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Are you selling an incorporated business?


There are two ways to sell (or buy) a profitable incorporated business, an asset sale and a share sale. Knowing which way is most advantageous to you can make a significant difference in the net proceeds to you if you are selling a business, or the net cost if you are buying one.

First, you could sell the shares of your company. Rather than selling the individual assets that your company owns, you sell your corporate shares. Once you sell your company’s shares, the purchaser will automatically control the business operations and its assets.

In general, a vendor will prefer to sell shares for several reasons:

1. A share sale is a simpler transaction. An asset sale would require that you sell each individual asset creating individual capital gains and losses on each item. Some of the income could also be recaptured capital cost allowance (tax depreciation), which must be fully included income.

2. After the assets have been sold, you would need to wind up the empty company, incurring further legal and accounting fees.

3. A share sale will create capital gain income, which is only 50% taxable. Furthermore if your company meets the criteria for a qualified small business corporation you could be eligible to utilize your $500,000 lifetime capital gains exemption on the sale of your shares. This means you may not have to pay any income tax on the first $500,000 of gain from the business sale. This exemption is not available to a corporation that sells its assets.

4. Sometimes a business will have a history of operating losses. These losses can be used to offset the business’s operating income of future years, only if the buyer purchases shares. If assets are purchased the buyer will not have access to these losses.

5. Finally, selling the land and building held in a corporation may also trigger the payment of land transfer taxes. If corporate shares were sold instead, the corporation would still own the land and no transfer taxes would apply.

Alternatively, you could sell the assets of your company. This would include selling the company’s tangible assets, such as inventory, equipment, vehicles, furniture and fixtures, as well as the intangible assets, such as customer lists and goodwill, that would be necessary for the prospective buyer to continue the business operations.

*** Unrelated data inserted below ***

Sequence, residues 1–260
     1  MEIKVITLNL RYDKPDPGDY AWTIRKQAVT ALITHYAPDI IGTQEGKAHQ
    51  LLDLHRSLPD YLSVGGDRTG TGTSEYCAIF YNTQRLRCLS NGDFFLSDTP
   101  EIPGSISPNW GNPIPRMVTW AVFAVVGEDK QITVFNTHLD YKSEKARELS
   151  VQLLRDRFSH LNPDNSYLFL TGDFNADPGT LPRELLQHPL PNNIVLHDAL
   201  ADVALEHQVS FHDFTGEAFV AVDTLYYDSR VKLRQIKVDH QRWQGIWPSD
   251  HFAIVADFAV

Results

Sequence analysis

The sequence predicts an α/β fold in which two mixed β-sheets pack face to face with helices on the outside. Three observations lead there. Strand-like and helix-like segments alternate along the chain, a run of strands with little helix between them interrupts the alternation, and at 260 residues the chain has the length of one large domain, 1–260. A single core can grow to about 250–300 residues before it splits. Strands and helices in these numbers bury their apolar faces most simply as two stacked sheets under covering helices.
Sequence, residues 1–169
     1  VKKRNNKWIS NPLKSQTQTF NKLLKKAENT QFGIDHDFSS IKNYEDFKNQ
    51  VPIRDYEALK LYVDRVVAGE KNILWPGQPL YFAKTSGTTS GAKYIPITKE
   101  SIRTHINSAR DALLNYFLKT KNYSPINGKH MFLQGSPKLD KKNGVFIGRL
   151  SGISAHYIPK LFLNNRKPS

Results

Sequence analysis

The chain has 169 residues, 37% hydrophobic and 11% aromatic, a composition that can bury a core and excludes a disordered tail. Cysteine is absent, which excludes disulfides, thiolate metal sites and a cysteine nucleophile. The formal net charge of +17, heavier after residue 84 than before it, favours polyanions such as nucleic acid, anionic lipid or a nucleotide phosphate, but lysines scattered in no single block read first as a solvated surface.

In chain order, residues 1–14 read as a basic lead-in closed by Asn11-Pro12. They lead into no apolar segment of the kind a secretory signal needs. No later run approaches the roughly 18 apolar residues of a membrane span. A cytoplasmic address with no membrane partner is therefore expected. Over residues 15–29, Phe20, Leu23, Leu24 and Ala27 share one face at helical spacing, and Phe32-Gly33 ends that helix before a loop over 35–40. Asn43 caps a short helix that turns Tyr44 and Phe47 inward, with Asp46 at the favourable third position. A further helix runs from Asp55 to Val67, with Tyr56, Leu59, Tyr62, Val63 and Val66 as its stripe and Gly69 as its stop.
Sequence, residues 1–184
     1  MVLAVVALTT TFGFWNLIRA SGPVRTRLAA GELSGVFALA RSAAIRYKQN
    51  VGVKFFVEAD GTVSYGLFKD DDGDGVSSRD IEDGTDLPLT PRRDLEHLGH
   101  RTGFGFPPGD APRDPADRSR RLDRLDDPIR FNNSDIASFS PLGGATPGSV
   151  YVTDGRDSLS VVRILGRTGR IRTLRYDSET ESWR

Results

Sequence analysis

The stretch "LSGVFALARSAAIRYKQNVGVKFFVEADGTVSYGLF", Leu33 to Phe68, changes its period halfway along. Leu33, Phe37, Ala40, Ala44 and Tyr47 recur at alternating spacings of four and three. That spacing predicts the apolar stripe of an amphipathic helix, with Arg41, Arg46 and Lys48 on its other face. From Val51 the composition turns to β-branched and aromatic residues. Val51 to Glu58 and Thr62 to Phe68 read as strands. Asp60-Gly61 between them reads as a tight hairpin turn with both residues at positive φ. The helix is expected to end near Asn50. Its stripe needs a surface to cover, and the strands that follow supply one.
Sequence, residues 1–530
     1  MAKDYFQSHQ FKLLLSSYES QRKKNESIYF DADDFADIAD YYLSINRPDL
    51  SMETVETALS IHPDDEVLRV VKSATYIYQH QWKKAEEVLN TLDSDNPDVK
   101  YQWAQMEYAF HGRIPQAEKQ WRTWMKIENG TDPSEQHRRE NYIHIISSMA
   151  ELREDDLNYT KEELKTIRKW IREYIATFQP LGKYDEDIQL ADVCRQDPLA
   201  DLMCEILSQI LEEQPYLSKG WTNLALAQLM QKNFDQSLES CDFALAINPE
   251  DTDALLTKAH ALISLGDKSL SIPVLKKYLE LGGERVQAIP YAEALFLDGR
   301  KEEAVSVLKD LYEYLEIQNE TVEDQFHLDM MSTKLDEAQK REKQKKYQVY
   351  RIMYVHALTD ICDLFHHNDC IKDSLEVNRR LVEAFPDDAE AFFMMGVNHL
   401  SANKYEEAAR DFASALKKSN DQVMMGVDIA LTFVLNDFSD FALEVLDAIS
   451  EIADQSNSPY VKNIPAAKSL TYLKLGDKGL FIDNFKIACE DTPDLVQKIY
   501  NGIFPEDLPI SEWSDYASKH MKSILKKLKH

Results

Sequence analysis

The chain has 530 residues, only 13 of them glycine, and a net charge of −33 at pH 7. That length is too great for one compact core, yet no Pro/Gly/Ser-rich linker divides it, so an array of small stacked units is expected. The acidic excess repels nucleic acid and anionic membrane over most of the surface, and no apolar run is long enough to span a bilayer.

In general the purchaser will prefer to buy the assets of the company rather than the shares for several reasons:

1. The purchaser can choose which assets of the company he wants to buy. If the company owns assets that are not vital for business operations, the buyer can exclude them from the purchase, reducing the overall purchase price.

2. Since most companies that are for sale have been in operation for some period of time, the assets have generally been depreciated for tax purposes. This means their tax value is often less than their market value. When the individual assets are purchased, it allows the buyer to “bump up” the tax value of those assets to their current market value. Since the assets then have a higher tax value, there are more deductions for capital cost allowance available to offset future income.

When you purchase a company’s shares you also purchase the history of the company. Since a company is a separate legal entity, if there are any lawsuits, tax reassessments or other liabilities that relate to the period before you purchased the shares, the company, which you now own, will still be responsible for them.

If you purchase shares it is important that you become aware of any potential liabilities you may be purchasing inadvertently. In general with an asset purchase you are not responsible for any of the company’s liabilities.

Strategies are available that allow the best of both sides. The vendor can sell shares (and utilize the capital gains exemption) while the purchaser can minimize exposure to potential liabilities and be able to claim full depreciation on the fair market value of the assets. This strategy makes sense for larger deals where the benefit from tax savings justify the additional professional fees incurred.

While each situation needs to be evaluated based on the specific assets involved, generally a seller will want to sell shares and a purchaser will want to buy assets. When determining a purchase price this often means that a buyer may be willing to pay more for the company’s assets than for its shares. But, if the seller can access the lifetime capital gains exemption he may only be willing to sell shares, and so the negotiations begin!

By Wendy Lewis, CA. Originally published in Comox-Valley Record. For more information on this topic, please contact the MNP office nearest you or Wendy at 250.338.5464.